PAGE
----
Retail sales rose more than economists expected in June, reinforcing indications of U.S. economic strength from substantial employment growth as well as modest inflation.
The 0.6% gain in retail sales for the month, despite a slowdown in auto sales, topped economists' expectations for a 0.1% increase.
The news came as the government announced that consumer prices rose 0.2% in June, with inflation excluding the volatile food and energy categories also rising 0.2%.
The gains bring total core inflation as measured by the Consumer Price Index to 2.3% for the last 12 months, slightly above the Federal Reserve's 2% inflation target, as measured by a different set of inflation statistics that have been showing smaller price increases.
The news points to an economy that is benefiting from a strengthening labor market, said Richard Moody, chief economist at Regions Financial.
The Fed is expected to hold interest rates where they are at the July meeting of its monetary policy committee, but the overall 3.1% retail-sales gain in the first half of the year, compared with 2015, suggests that consumer spending is relatively healthy and inflation remains in check. That frees the central bank to wait and see if events overseas will damage the U.S. economy before its next rate hike.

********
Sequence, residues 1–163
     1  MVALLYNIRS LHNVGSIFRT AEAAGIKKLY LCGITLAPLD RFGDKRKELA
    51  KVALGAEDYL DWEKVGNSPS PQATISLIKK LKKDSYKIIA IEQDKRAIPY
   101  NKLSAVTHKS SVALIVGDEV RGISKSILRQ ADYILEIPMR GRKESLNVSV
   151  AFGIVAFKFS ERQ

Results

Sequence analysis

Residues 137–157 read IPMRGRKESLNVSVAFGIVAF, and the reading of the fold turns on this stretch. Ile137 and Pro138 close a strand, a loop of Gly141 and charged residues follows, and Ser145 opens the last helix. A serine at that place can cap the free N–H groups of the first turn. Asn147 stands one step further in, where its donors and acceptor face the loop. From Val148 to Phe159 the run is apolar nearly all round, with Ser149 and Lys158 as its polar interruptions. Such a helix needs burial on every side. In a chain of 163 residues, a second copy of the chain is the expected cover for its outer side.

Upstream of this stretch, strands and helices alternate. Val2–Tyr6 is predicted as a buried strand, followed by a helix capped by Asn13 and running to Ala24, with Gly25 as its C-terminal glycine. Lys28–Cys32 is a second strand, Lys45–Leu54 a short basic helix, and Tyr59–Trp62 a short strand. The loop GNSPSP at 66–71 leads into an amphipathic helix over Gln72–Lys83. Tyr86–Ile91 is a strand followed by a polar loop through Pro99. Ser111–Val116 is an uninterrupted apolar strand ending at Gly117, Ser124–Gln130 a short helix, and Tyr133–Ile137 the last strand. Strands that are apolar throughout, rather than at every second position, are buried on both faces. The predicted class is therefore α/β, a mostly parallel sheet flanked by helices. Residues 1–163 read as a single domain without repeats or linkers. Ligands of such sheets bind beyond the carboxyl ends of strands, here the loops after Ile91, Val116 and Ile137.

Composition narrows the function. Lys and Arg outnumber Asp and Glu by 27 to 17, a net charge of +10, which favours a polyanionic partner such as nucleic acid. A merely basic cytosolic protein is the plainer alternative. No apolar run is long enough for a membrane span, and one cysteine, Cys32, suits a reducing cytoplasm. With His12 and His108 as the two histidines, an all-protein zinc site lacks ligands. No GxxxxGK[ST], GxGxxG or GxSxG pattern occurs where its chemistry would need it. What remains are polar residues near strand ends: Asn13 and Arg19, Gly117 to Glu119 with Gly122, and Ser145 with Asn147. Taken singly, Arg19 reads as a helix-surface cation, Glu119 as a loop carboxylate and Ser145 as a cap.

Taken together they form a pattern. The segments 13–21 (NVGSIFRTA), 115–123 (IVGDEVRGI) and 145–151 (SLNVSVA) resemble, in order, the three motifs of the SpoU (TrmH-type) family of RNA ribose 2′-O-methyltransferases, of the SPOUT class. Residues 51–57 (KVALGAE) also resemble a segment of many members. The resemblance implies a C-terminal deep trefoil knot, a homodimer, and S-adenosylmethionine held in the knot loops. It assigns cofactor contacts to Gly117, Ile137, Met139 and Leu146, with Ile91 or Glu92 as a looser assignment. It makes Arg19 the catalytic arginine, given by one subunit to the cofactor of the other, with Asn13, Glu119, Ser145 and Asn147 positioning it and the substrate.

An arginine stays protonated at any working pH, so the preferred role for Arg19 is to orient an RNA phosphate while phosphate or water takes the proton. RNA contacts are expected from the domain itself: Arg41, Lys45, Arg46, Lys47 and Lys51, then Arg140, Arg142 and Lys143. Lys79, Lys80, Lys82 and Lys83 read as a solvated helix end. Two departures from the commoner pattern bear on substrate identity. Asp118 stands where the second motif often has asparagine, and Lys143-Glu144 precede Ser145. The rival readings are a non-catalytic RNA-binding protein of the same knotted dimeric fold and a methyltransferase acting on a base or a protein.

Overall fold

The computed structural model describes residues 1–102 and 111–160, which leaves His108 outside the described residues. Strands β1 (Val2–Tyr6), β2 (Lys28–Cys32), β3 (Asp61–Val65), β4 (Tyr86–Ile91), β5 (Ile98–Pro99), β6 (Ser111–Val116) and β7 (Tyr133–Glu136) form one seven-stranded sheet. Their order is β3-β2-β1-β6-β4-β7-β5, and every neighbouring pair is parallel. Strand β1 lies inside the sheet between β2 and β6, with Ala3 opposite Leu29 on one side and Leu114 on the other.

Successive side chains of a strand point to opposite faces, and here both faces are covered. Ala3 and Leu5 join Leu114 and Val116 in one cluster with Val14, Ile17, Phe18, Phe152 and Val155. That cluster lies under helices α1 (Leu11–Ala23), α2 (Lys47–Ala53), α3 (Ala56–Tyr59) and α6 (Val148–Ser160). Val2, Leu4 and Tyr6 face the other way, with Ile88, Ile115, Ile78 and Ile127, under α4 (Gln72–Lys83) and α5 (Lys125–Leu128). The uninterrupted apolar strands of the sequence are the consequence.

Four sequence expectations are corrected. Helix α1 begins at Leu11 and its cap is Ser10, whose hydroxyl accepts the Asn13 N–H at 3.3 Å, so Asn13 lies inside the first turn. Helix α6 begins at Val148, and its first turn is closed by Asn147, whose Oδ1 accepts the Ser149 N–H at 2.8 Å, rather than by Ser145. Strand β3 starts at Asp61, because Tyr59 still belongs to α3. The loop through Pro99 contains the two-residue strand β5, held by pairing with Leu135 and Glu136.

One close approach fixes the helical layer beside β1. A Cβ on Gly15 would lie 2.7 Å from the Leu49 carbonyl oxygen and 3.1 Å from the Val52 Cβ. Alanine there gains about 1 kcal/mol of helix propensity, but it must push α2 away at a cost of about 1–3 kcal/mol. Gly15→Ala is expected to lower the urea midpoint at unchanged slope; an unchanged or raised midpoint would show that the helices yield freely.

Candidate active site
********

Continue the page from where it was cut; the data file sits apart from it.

"This leaves inflation-adjusted consumer spending on track for annualized growth of better than 4% for the second quarter -- clearly the trend rate is not this strong, but neither is it as weak as the first quarter," when consumer spending rose 1.5%, Moody said. "As long as job and income growth hold up while inflation and interest rates remain low, consumers will remain the key driver of overall growth in the U.S. economy."
A 1.1% jump in seasonally adjusted online sales led the retail sales report, as Internet stores like Amazon (AMZN) and Expedia (EXPE) posted bigger gains than any other part of retail -- up 14.2% from a year ago.
Gas station sales rose 1.2% on higher prices, but are down for the year as crude oil has moved back under $50 a barrel. Drugstores like CVS (CVS) and department stores like Macy's (M) and Kohl's (KSS) each saw sales rise 0.7% for the month
The only decline was a 0.3% dip in sales by bars and restaurants, the Commerce Department said.
Retail sales were expected to cool off after car companies like Ford (F) and General Motors (GM) reported that U.S. sales rose at the slowest pace in more than a year during June.
Consumer prices including food and energy are up just 1% from a year ago, the Labor Department reported. In June, food prices dropped along with the cost of electricity, while gasoline prices rose 3.3%.
Prices fell for vehicles and apparel, while the biggest gain was the 1.1% jump in prices for medical commodities, which are up 3.2% in the last year.
The news comes after bullish reports on second-quarter growth in China, and better-than-expected auto sales in the eurozone.
"Inflation is gradually clawing its way higher but there isn't any urgency for the Fed to raise rates -- the Fed should aim to overshoot its inflation target,'' said Ryan Sweet, an economist at Moody's Analytics. Because of "global headwinds that are keeping interest rates down," he added, "a reputation for disinflation is harder to buck than a reputation for high inflation."